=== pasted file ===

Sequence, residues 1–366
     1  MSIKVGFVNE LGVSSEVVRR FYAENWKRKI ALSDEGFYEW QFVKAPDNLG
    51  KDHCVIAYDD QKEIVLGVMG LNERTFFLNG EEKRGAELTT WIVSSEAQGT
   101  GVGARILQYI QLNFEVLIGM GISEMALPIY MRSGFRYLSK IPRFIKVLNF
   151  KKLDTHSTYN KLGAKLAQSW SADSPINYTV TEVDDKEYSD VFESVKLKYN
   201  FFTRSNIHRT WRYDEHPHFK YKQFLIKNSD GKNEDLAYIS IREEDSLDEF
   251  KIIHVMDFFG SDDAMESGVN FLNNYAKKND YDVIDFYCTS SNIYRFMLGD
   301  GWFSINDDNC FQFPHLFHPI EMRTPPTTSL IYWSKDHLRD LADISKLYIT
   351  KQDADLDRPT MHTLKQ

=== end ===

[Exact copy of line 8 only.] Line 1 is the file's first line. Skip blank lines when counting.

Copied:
   301  GWFSINDDNC FQFPHLFHPI EMRTPPTTSL IYWSKDHLRD LADISKLYIT